In reaching this conclusion, we are not unmindful of the holdings in Felker v. Seashock, supra as well as this court's decision in Allied v. Reeves, ante at n. 5 in which the appealing party's failure to comply with Rule 1005 was disregarded even though the notice of appeal was not served upon the opposing party within the five-day period after the notice was filed with the court. See Felker v. Seashock and Allied v. Reeves, supra. However, neither of these decisions constitute binding precedent. See NPW Medical Center of N.E. Pennsylvania v. LS Design Group, P.C., 353 Pa.Super. 341, 347 n. 4, 509 A.2d 1306, 1309 n. 4 (1986) and Turner v. May Corp., 285 Pa.Super. 241, 252 n. 7, 427 A.2d 203, 208 n. 7 (1981). More importantly, both Felker and Allied are distinguishable from this case in that both involved the service of the notice of appeal within a relatively short period of time after the notice of appeal was filed. See Felker v. Seashock, 47 Pa.D. & C.3d at 127 (notice of appeal was served seventeen (17) days after it was filed with the court) and Allied v. Reeves, unpublished memorandum at 5-6 (notice of appeal was served twenty-eight (28) days after it was filed with the court). By way of contrast, fifty-eight (58) days elapsed between the filing of the notice of appeal and actual service of the notice in this case. Although the ten-day rule is flexible and is to be liberally construed, we do not believe that an appealing party should be permitted to indefinitely extend the time for serving the notice of appeal so as to frustrate the purposes of the rule. Felker is further distinguishable because the appealing party in that case demonstrated good cause for reinstating the appeal. Unlike the appealing party in Felker, the appellant here has not offered sufficient explanation for its noncompliance. We are also unpersuaded by the reasoning set forth in Allied since the court therein focused exclusively upon the question of whether the non-appealing party's rights would be prejudiced and failed to consider whether the appealing party had established good cause for reinstating the appeal as required by Pa.R.C.P.D.J., Rule 1006, 42 Pa.C.S.A.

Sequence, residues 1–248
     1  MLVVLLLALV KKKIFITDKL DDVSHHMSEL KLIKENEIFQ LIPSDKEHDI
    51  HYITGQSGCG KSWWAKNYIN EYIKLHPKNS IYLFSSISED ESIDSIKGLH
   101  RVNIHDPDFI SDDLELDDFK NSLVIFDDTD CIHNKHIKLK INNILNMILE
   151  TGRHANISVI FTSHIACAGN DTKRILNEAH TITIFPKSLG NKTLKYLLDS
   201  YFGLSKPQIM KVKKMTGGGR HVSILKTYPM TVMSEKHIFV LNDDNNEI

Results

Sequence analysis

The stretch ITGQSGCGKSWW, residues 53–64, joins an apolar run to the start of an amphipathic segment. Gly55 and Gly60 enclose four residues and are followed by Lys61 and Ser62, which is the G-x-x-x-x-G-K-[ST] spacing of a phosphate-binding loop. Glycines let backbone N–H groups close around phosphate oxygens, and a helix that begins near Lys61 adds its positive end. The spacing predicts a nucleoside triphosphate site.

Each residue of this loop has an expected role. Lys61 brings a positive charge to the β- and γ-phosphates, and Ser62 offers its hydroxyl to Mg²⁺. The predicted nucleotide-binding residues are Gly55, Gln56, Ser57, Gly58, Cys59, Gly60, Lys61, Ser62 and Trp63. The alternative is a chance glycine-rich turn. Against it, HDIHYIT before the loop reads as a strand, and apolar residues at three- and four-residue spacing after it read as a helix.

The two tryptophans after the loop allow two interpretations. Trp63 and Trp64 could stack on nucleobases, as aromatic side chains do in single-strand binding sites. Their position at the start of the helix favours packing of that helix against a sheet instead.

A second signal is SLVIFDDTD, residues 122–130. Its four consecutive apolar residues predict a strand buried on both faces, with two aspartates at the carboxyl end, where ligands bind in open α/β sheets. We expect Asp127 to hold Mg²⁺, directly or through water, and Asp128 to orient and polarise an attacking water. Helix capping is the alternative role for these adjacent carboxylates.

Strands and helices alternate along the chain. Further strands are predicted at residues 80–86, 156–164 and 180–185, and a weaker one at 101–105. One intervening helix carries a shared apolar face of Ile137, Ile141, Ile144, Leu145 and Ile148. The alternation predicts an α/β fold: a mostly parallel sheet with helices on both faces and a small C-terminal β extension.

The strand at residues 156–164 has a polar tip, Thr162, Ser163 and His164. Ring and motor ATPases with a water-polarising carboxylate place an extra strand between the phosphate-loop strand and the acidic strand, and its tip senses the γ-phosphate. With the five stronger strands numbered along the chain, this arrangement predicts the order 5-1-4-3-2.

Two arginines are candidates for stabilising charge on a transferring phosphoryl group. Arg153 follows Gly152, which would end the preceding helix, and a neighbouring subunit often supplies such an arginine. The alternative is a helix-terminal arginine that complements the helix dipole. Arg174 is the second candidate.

Appellant's claim of "inadvertent error" is puzzling as it implies that appellant possessed the proofs of service and simply failed to timely file them with the trial court. However, such an inference is negated by the fact that appellant has not presented any sender's receipts demonstrating that copies of the notice of appeal were mailed to appellee and the district justice on or about November 18, 1992. See Pa.R.C.P.D.J., Rule 1001(9) and Note to Rule 1005, 42 Pa.C.S.A. (defining proof of service and requiring a sender's receipt to be attached to the proof of service where service is made by mail). In the absence of such evidence, we are unable to ascertain how the failure to file the proofs of service was inadvertent since there is no indication that appellant had obtained the proofs of service at the time the notice of appeal was filed.